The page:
Two students were working on squaring and they were having a tough time remembering the square of 7. As they were running through the multiples of seven to find it, one of them said to the other, "Let's think football scores". That was all they needed to come up with the answer! In a related event, a first year was making a noun list, and having a hard time getting started. As soon as he thought about football, he wondered if his list could be about football terms. Once he realized that was an option, he made more than one list. Finally, during a parts of a river lesson, when a student heard the term delta and its definition of the triangular part of land that is formed, he immediately thought of the airline Delta and the triangular symbol on its jets.
During read aloud we started the year with Misty of Chincoteague, by Marguerite Henry. The children voted unanimously to read the sequel, Stormy, Misty's Foal, which we are currently enjoying. The children are spellbound during this time of day. It's wonderful to see the power of a good book.
October 5, 2017
An entire month of school has already passed, and our room has settled into a pleasant and predictable routine. The children all have new lessons to work on that range from animal stories, needs of plants, parts of a line, adding angles, adverbs, squaring, decimals and many more. Having diverse work going on, provides an opportunity to learn from watching others.
We have continued our Great Lessons, with the Time Line of Life. This shows the sequence of life on earth from a single cell, to plants, insects, animals and humans. This was followed with the history lesson, the long black strip. The long black strip is a stunning visual that shows how long the earth was in existence before the first human arrived. These exciting stories spark imaginations and inspire research. The youngest students are choosing something from the time line that they want to know more about to be introduced to research.
New friendships are emerging. It's great to watch the students branching out, and working with classmates they are just getting to know. We wished Malcolm and Molly Slawnik bon voyage, as they have headed off to Sydney, Australia until mid February. We look forward to exchanging letters with them in their absence. It will be exciting to learn about their adventures from the photos and tales they have promised to share.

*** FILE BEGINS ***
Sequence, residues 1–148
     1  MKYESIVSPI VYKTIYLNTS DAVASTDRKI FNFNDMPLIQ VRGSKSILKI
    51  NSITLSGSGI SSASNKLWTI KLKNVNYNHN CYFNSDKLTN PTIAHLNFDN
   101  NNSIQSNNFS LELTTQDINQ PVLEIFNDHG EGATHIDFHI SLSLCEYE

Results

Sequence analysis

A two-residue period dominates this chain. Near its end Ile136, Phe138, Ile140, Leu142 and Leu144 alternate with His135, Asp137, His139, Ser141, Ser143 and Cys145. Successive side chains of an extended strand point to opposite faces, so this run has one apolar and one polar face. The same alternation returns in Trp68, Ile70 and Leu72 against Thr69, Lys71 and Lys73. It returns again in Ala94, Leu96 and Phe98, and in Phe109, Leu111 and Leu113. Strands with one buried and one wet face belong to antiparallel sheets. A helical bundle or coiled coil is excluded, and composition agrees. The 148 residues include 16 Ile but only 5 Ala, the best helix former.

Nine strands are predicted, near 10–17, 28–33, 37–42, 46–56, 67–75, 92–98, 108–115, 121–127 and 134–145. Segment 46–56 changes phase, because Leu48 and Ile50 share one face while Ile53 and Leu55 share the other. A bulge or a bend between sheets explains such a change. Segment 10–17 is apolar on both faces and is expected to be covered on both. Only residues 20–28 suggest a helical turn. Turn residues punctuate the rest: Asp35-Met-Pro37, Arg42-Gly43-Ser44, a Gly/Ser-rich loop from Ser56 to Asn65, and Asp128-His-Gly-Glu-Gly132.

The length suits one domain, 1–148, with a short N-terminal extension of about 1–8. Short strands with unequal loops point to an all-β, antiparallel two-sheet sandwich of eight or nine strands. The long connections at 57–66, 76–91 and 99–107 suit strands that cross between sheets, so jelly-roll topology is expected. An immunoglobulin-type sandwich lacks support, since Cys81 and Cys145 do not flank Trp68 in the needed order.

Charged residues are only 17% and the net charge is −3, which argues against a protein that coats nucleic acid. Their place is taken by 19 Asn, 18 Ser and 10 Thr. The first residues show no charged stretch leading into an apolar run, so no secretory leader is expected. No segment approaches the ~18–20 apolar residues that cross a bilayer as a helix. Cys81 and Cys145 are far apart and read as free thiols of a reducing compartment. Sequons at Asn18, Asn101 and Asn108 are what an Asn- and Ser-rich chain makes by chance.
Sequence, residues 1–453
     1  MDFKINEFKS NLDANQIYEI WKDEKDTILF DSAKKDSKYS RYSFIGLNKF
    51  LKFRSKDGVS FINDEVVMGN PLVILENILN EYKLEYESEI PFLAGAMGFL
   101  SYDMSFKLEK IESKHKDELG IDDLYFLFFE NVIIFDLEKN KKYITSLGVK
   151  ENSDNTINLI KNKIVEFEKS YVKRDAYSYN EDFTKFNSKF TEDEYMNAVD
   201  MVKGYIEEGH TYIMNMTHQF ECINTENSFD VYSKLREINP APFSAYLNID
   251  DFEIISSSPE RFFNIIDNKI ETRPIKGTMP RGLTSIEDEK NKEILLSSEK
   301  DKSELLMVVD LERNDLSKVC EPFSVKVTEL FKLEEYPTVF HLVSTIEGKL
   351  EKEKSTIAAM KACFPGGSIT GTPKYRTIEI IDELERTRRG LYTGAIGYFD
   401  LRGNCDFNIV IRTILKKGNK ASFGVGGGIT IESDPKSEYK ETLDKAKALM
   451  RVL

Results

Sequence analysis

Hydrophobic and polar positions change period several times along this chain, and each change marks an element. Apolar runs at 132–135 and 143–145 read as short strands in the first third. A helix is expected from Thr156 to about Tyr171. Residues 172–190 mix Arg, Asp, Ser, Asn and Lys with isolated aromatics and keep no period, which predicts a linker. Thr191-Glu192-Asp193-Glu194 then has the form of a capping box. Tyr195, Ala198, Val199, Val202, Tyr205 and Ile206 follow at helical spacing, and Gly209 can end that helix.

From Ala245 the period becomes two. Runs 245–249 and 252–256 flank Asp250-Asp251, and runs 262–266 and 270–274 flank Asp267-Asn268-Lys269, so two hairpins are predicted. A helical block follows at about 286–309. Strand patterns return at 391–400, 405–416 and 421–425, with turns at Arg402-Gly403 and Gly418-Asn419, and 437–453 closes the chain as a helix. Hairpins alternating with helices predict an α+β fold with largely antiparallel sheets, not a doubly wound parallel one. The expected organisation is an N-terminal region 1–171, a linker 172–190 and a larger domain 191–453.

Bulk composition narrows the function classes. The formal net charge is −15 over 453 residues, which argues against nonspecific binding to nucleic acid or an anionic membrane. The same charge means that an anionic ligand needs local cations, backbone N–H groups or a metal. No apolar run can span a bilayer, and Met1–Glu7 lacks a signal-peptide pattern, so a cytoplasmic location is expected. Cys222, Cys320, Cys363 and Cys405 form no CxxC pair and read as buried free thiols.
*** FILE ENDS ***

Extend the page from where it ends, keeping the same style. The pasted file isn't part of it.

September 21, 2017
The beginning of a fresh, new school year, is full of hope, opportunity and vitality.
Our classroom environment is beautifully prepared and the children enter with anticipation, excitement to greet friends, old and new, as they unpack all of their carefully selected supplies. We meet together to establish what the basic expectations for our community will be. Conversations are had about the balance of Freedom and Responsibly and how that translates at a very practical level. Together we establish our class creed, discussing how we want to feel and what actions will promote those feelings. Grace and Courtesy Lessons are given so the children are comfortable with the general "how-to's". Mentors are provided to help support new classmates. The Creation Story is given, the starting point to all of history, science, life and existence.
Learning the basics, such as each other's names, how to record daily work choices, and the time are reinforced. Lessons are given, some new, others in review to help clear the cobwebs that have settled in over summer. Gradually the specialists work their magic into our days.
A comfortable rhythm is starting to settle in. Just like the monarch butterfly that emerged from its chrysalis on a recent morning in our room, we too have the opportunity to soar and explore the world in the year to come.